It's no longer speculative: many ObamaCare enrollees are less healthy than the uninsured.

A Health Affairs data analysis shows the Affordable Care Act (ACA) brought sicker and more expensive people into the individual marketplace. At the same time, healthier people chose to forgo enrollment.

"I think that's interesting, but not surprising," says Hadley Heath Manning, director of health policy at Independent Women's Forum. "In the insurance world, we call this adverse selection – and we knew it would happen under the ACA."

And it's the natural result, she explains, when health insurance companies to have to sell a policy to every person at the same rate, regardless of health histories or health statuses.

"Because of course the rates offered will look like a much better deal to people who are sicker and have higher medical costs; and people who are healthier will see these rates as a bad value," she says. "Ultimately, people who are healthier are happier to take the risk of going uninsured anyway."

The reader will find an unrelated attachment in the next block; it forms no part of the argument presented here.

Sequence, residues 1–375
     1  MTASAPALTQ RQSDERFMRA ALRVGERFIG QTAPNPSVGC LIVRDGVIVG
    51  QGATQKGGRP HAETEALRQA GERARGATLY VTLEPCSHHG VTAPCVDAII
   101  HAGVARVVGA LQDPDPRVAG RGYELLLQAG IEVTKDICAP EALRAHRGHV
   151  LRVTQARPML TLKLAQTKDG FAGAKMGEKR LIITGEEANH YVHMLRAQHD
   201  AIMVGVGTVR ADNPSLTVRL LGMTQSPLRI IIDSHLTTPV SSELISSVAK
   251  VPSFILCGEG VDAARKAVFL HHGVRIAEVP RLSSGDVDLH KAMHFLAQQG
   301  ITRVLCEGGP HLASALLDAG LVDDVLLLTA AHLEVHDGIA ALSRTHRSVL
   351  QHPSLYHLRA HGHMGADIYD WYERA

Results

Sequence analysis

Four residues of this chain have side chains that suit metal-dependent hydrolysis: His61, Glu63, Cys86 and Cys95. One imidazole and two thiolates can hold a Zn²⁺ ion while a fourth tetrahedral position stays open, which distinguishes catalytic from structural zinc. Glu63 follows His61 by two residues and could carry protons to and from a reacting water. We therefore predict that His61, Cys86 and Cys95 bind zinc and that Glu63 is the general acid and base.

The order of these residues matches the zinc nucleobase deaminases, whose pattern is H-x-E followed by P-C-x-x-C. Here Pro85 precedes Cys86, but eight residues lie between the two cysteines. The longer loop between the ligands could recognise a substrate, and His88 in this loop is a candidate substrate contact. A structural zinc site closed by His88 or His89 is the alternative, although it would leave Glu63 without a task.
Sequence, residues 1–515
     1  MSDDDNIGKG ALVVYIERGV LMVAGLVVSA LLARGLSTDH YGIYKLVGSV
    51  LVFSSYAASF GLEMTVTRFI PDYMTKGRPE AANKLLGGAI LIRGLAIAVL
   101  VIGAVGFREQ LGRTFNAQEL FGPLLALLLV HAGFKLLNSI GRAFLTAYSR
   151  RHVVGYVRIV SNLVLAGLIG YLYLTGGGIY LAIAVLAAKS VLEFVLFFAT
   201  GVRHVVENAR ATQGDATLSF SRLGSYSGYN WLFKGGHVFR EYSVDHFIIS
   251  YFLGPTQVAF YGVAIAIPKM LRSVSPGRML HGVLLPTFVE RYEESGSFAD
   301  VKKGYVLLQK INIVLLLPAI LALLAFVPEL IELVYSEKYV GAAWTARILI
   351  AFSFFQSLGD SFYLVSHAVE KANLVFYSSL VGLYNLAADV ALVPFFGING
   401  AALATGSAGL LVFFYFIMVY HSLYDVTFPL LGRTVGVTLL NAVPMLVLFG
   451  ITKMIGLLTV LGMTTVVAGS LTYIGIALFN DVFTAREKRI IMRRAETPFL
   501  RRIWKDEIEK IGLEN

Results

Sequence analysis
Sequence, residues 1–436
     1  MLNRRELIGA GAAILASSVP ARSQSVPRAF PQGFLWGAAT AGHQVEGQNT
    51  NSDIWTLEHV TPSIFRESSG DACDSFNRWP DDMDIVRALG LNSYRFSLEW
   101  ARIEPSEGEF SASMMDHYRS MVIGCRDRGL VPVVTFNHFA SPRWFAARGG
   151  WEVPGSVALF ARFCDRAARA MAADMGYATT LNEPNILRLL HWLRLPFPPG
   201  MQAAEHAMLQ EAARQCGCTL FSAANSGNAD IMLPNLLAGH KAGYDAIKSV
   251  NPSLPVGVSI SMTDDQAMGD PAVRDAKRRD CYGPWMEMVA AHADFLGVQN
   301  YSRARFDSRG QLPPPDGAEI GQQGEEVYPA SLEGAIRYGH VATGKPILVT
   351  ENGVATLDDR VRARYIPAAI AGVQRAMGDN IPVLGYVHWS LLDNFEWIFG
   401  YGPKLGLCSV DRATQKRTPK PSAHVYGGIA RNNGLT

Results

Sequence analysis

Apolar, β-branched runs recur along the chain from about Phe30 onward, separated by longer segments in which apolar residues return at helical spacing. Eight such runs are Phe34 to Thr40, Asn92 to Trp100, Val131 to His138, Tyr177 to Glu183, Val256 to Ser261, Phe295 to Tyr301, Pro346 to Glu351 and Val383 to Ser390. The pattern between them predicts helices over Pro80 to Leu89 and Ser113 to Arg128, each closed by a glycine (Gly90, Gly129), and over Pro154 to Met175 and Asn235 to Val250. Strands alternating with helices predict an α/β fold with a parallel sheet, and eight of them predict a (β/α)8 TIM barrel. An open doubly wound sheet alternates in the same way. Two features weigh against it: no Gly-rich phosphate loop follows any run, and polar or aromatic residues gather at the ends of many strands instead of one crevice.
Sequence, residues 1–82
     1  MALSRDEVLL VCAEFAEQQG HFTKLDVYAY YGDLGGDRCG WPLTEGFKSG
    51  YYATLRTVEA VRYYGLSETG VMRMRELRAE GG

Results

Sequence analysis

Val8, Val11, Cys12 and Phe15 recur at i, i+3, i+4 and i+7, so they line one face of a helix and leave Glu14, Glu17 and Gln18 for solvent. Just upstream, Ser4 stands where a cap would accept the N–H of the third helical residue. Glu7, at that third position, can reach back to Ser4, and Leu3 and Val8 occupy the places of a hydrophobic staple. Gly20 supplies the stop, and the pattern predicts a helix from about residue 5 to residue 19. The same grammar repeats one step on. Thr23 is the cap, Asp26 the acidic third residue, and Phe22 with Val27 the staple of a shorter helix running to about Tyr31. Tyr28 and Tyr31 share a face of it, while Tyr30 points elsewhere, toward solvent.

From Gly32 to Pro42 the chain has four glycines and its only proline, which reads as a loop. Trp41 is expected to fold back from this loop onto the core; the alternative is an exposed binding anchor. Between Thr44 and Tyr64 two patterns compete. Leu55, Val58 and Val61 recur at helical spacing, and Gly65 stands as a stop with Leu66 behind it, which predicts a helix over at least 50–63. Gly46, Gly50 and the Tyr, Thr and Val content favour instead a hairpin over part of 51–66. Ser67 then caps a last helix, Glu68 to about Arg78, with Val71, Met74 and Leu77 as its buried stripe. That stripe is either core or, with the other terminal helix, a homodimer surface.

And while none of this was surprising to Manning, not to mention other policy experts OneNewsNow interviews, she says it was nice to see some data on it.

"Our philosophical opponents can't just call conservatives 'speculative' on this matter," she explains. "It is a matter of fact that the uninsured population is now healthier."

Supporters of ObamaCare believe more people will enroll in exchange plans – specifically younger, healthier people. Reasons include everything from employers doing away with insurance plans to taxpayer subsidies to help cover premiums and tax penalties for those who choose to go without.

Still, critics argue not everyone can receive a subsidy, while adding that money comes from somewhere (i.e., taxpayers). Others have simply chosen to do the math and take the risk of paying a tax penalty over premiums, which are expected to be higher, on average, this upcoming enrollment season.